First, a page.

This page was suggested by Alfie Bass who has also sent the first contribution.
Should you wish to add something please send.


As I quote the Fairport Convention song title (remember them?), it's 50 years to the day, also a Wednesday, that I found myself sat in the RAF CIO, Kingsway, Holborn, wondering what the f*ck I was going to do if my latest roll of the dice struck out! I was exactly 1 month shy of my 17th birthday & had already been refused entry to the BEA Cadet Engineer programme, for being too old; their upper age limit was 161/2 , so I was already over the hill!! During the afternoon, I was sent a couple of blocks away to visit some backstreet doctor for my initial medical; just routine, I was assured. They were right, as this was the first, but not the last time a total stranger told to me to assume the position & cough. Just how routine would this become, I thought? As this was a precursor to my hearing test, I mused that maybe this was only his way of clearing the wax from my ears! The hearing test descended into farce, as I adopted the required distance for the forced whisper test to unfold. The doctor was a Scot, who appeared to have had an extended lunch break, if the subtle aroma of his national drink was anything to go by. Every time he tried to force a whisper, it induced a reciprocal coughing fit; it was hard enough to understand his accent when he was talking normally, so how I passed this test remains a mystery. I was glad when the medical was complete & I was liberated from the clutches of the most unhealthy doctor I have ever met - it really seemed like I had been transported into a scene from a Dickens novel.

Back to the CIO, to complete paperwork & further discussions on a possible entry date to the Craft Apprentice Scheme, if selected; they were giving nothing away! I declined the tempting offer to enlist earlier by joining the Aircraft Mechanic training route, should I be unsuccessful in my selection process. It seemed a bit cat & mouse to me at this stage, as I tried to wipe the Dickensian Doctor's surgery from my mind. By the end of mid-afternoon, I was informed that I would be recommended for further consideration by the final selection board & given a letter, to deliver by hand to my father (as I was just a boy). As I trudged out of the CIO, I pondered on the dichotomy of my rejection at the hands of BEA & my possible future training in the RAF. My future was in the balance, but I was still in with a shot! More importantly, I had declined the offer of early enlistment through the Mechanic trap door. The fact that I had tickets to a Mott the Hoople gig for April 14th, which swayed my decision, would prove to be career defining! Mott the Hoople were instrumental in my subsequent training route at Halton with 223 entry.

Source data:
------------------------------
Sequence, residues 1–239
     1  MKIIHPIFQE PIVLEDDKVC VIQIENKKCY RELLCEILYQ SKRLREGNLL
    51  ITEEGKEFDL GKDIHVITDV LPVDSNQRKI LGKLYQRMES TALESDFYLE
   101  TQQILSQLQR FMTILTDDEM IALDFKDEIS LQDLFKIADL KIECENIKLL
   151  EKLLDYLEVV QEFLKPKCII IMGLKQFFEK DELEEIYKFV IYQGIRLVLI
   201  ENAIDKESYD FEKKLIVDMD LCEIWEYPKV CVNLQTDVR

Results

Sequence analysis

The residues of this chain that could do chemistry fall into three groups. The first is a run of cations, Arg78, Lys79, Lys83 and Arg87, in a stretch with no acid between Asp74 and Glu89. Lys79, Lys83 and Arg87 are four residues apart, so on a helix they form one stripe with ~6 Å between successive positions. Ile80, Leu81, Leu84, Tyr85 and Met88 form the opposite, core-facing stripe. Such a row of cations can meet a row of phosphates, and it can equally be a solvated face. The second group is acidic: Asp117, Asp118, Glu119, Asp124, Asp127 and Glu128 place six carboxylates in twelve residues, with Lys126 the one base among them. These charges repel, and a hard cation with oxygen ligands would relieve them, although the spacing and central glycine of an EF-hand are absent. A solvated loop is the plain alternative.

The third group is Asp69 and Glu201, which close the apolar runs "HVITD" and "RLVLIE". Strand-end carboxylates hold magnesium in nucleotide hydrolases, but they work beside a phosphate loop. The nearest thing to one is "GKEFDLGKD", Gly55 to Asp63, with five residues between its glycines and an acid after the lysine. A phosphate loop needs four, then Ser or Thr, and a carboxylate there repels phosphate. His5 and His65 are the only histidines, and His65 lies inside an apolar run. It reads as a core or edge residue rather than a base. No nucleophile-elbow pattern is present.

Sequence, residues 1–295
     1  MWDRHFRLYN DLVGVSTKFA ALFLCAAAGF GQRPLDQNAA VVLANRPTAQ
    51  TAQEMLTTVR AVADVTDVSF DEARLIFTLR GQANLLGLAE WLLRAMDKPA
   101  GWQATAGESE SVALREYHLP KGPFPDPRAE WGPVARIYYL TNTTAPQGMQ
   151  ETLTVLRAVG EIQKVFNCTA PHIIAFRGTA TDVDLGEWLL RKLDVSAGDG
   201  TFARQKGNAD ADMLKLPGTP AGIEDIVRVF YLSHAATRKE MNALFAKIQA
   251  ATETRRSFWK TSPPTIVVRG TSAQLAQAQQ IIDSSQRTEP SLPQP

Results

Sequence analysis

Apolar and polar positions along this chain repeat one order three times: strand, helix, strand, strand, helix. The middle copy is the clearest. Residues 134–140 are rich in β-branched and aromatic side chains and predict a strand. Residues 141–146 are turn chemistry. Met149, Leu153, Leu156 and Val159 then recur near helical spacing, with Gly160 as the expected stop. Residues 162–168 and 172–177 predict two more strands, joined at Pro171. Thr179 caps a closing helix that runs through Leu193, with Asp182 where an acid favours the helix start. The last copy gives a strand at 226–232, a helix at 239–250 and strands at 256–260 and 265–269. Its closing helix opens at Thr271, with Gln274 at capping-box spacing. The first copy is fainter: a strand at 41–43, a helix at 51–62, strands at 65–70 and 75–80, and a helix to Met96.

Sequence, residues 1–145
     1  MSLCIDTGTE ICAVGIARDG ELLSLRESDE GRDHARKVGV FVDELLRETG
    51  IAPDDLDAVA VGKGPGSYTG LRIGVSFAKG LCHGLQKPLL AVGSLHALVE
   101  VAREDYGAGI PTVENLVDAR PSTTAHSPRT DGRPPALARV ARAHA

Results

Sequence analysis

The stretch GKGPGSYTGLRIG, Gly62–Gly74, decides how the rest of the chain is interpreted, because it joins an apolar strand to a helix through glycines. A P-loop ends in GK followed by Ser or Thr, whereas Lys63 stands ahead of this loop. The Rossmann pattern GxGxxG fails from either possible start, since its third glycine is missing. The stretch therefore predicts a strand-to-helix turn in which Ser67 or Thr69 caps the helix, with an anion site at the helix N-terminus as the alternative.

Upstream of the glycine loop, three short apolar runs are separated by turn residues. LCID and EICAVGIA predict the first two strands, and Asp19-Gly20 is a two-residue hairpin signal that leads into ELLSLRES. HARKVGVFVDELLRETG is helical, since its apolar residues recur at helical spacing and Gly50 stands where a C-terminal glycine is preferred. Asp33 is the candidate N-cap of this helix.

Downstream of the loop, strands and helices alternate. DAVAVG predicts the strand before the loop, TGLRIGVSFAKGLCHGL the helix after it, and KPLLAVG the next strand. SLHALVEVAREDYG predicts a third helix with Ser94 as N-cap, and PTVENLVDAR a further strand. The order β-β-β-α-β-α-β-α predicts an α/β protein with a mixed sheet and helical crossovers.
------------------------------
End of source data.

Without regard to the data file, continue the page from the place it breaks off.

God bless Mott; the gig was phenomenal & the rest is history!! Who knows where the time goes, indeed - I guess the rest of 223 were experiencing similar circumstances to me 50 years ago & they are part of the many things that bind us together.

Roll on July, fingers crossed. Cheers,  Alfie Bass.

The following from Phil Jones:


Just looking at the website after your latest update  

I spose you could update my current work status. Now selling plastics extrusion equipment. Composite resin and press equipment. No longer involved with flares etc or machinery repairs  

Current website address for entrepreneurs is  

I am about to buy a watch from a company called Bremont. They specialise in military watches and have many projects for Forces around the world, mostly Uk & USA. Might it be of interest to others to commission a 223 watch. The one Iím buying for either 2 sdn reg, or 111 Lightings are about £2k each (so only 1 for me) their website is